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Top Five Moments In Oakland Raiders History

As the football season kicked off,  for the first time since 1994 the City of Oakland, California, is without an NFL team as the Raiders officially made their debut on Sunday as the Las Vegas Raiders. Another era of Oakland Raiders Football has tragically come to an end as the team abandoned Oakland and the loyal fans of the Raider Nation for the second time in franchise history.

While the Raiders also played in Los Angeles for 12 years between 1982-1994, most of the renowned, celebrated moments in the franchise’s history took place during their two stints as the Oakland Raiders between 1960-1981 and 1995-2020. From late game heroics, to some of the game’s most bizarre plays, to controversies that forever altered football’s landscape; here are the top five greatest moments, preceded by the two most infamous moments, in the history of the Oakland Raiders, forever known by their nicknames.

Infamous Oakland Raiders Moments

December 23, 1972: The Immaculate Reception

In the 1972 AFC Divisional Playoffs against the Pittsburgh Steelers, one of the most consequential plays in NFL history happened on just a single tip, but not a tip in the Raiders favor. The Steelers were down 7-6 and in an unfavorable fourth-and-10 situation at their own 40 while the Raiders were just 22 seconds away from punching their ticket to the AFC Championship game. On a pass down the middle from legendary quarterback Terry Bradshaw to to John “Frenchy” Fuqua the ball ricocheted off Fuqua on a hard hit from Raiders safety Jack Tatum only to be scooped up just a split second before hitting the ground by Steelers fullback Franco Harris, who dashed by several Raiders defenders in the blink of an eye to the endzone. The rule at the time was that a ball could not bounce off a player from the same team and be touched by another player. It remains unclear to this day whether or not the ball touched Fuqua. Subsequently, the Steelers would go on to win their first of four Super Bowls in the 1970’s, making them the most talked about team of the era. Would the Raiders have been the team of the 70’s had Franco Harris not caught the Immaculate Reception? This question remains as one of the biggest “what ifs” in sports today. 

January 19, 2002: The Tuck Rule

Joining the Immaculate Reception on the list of  biggest sports “what ifs” is another highly controversial playoff call, this one accelerating the next several years of each teams’ fates. In a divisional playoff game against the New England Patriots, the Raiders were piled in Foxborough, Massachusetts, snow. They led 13-10 and were just 1:50 away from escaping the vile New England cold and move on to the AFC Championship. Raiders legendary cornerback Charles Woodson came in on a corner blitz and hit Patriots quarterback Tom Brady, who was making his first career playoff start, from behind. The ball popped out for a fumble recovered by the Raiders defense. The Raiders win the game! Even the Patriots thought it was a fumble in the moment. Except that Rule 3 Section 22, Article 2, also known as the Tuck Rule, said otherwise. This rule, which was abolished in 2013, stated that any play where the quarterback’s hand moves forward, even if the quarterback is simply tucking the ball and not passing, which Brady was doing, is to be ruled an incomplete pass. The call’s reversal gave the Patriots a second life and their ability to capitalize by tying and and winning the game on a field goal piloted them to their first Super Bowl win a few weeks later and the start of the Brady/Bill Belichick dynasty. The call was also consequential for the Raiders, as this loss was the start to the team’s unprecedented 21st century downfall.  After the loss, the Raiders traded away head coach Jon Gruden only to face his new team the Tampa Bay Buccaneers in the Super Bowl the following year, a game in which the Raiders got annihilated. Following that Super Bowl loss, the Raiders would not see a winning season for the next 13 years. What if the play was ruled a fumble? Would the Raiders have actually gone on to win the Super Bowl? Would the Raiders have kept Gruden and had a winning decade? Would Brady have emerged as a star? Would the Patriots dynasty have happened?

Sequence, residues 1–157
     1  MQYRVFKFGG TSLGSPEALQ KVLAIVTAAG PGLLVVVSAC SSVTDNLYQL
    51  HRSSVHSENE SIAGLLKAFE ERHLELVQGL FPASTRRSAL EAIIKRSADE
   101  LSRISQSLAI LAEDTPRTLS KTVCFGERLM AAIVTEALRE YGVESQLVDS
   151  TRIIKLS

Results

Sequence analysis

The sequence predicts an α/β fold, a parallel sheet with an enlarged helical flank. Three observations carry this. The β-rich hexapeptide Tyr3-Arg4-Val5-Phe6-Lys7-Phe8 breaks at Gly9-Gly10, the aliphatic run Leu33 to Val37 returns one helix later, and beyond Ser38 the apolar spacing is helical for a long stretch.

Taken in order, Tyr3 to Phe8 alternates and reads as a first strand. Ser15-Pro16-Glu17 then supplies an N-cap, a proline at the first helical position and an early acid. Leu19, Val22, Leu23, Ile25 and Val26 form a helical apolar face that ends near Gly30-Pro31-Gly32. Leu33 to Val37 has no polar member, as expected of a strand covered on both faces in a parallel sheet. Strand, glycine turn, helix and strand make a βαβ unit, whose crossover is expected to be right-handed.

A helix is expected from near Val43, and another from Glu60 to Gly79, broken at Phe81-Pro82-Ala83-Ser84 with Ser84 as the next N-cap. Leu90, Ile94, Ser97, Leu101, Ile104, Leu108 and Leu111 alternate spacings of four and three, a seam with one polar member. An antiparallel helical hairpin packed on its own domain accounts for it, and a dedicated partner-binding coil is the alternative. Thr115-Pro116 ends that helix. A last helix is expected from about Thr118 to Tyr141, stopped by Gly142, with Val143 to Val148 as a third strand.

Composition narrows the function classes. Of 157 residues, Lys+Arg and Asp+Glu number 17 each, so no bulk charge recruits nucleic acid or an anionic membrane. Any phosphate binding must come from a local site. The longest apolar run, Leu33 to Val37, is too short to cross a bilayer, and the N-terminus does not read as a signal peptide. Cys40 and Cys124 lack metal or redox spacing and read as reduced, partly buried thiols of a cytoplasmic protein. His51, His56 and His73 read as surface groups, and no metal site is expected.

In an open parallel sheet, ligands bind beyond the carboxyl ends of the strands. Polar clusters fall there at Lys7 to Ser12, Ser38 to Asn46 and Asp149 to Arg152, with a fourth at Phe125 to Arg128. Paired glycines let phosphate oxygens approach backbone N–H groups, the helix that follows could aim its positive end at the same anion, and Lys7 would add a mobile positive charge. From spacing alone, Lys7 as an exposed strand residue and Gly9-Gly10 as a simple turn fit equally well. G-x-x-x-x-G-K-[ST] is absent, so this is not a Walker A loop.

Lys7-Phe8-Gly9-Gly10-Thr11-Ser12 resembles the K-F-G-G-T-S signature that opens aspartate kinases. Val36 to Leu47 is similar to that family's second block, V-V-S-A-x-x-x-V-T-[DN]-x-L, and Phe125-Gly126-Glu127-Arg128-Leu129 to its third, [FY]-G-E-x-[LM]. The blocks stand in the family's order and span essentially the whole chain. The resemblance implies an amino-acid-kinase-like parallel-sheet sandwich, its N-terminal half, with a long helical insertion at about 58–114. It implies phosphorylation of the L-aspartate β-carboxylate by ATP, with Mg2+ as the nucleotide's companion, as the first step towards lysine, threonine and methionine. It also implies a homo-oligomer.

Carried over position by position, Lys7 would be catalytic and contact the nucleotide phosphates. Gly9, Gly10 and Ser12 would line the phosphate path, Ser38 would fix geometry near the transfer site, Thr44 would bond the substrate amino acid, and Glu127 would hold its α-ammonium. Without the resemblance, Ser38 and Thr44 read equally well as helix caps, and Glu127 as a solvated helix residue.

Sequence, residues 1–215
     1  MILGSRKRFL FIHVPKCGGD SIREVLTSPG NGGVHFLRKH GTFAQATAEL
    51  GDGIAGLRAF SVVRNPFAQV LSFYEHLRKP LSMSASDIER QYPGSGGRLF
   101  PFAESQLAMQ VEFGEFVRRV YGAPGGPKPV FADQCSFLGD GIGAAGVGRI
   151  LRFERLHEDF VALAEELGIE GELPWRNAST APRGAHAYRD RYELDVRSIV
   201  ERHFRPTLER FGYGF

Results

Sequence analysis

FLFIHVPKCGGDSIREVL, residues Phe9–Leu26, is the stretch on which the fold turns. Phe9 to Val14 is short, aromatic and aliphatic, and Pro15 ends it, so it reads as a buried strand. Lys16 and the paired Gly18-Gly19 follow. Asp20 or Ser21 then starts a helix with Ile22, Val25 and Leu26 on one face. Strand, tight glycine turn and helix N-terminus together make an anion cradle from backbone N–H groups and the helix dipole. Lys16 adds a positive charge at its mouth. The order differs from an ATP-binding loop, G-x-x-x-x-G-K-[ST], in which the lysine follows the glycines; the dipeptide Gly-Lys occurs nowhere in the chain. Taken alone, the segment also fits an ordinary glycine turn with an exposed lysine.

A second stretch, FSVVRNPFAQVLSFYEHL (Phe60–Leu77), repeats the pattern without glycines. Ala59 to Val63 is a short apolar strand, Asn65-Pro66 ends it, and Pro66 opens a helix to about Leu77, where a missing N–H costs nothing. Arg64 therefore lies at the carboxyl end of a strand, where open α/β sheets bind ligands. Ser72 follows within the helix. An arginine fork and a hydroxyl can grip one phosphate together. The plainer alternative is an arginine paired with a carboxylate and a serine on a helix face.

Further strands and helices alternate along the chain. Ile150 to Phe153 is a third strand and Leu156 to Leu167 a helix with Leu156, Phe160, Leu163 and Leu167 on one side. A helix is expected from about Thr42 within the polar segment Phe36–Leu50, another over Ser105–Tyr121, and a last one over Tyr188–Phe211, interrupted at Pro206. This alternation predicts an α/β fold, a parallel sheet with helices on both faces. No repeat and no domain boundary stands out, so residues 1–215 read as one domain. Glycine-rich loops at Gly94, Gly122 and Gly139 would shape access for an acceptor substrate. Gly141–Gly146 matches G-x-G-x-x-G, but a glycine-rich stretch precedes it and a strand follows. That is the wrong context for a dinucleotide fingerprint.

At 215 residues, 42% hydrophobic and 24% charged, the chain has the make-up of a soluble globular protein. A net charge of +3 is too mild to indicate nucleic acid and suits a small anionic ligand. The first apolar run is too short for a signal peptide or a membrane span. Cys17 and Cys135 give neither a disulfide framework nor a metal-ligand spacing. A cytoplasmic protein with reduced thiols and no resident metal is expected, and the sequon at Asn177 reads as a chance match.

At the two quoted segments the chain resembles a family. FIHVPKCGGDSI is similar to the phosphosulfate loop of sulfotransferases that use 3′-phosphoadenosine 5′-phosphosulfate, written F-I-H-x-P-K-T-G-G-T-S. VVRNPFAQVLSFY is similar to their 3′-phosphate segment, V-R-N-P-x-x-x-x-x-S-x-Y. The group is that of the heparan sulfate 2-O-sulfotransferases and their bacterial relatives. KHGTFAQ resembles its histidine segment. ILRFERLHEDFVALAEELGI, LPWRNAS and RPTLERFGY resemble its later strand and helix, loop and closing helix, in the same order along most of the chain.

Top Five Moments

5. November 17, 1968: The Heidi Game

Two of the best teams in the NFL battled it out in a year where the NFL was just starting to become a popular TV destination for American audiences. The game was a highly touted AFC bout between the Raiders and Joe Namath’s New York Jets that saw six lead changes. The Jets went up 32-29 on a field goal with 1:05 left, still time for a Raiders comeback. NBC, who was broadcasting the game, had scheduled to air the premiere of the movie “Heidi” at 7:00 regardless of the state of the game. At 7:00, with the Raiders marching down the field, NBC did just that, leaving thousands of viewers with the exception of those on the west coast in a state of uncertainty about the game’s ending. The Raiders went on to make a miraculous comeback, putting up two scores nine seconds apart to beat the Jets by 11 points. This classic show put on by the Silver and Black was robbed of the TV spotlight by NBC instead showing Shirley Temple’s performance as an eight year old orphaned girl. The game forever altered the landscape of not only football but television. From then on NBC had Heidi phones so all network personnel could effectively communicate while on air. This game resulted in the mandate that all future NFL games were to be broadcast in their entirety. 

4. December 24, 1997: The Ghost to the Post 

In front of the largest crowd in Baltimore Colts history at Memorial Stadium, the Raiders and Colts faced off in an AFC Divisional Playoff matchup. Down 31-28 with 2:17 left on the clock and the Raiders pinned back in their zone, bomb throwing hall of fame quarterback Ken “The Snake” Stabler launched a vertical pass to hall of fame tight end Dave “The Ghost” Casper, nicknamed after “Casper the Friendly Ghost.” Casper, who was running a post route, reached out to make an unbelievable over-the-shoulder catch that set up a game-tying field goal to send the game to a historic double overtime. 43 seconds into the second overtime, Stabler found none other than Casper again for another over-the-shoulder catch, this one in the end zone for a 37-31 Raiders victory that sent them to the AFC Championship. This was the fifth longest game in NFL history, adding to a plethora of memorable Raider moments from the 1970’s.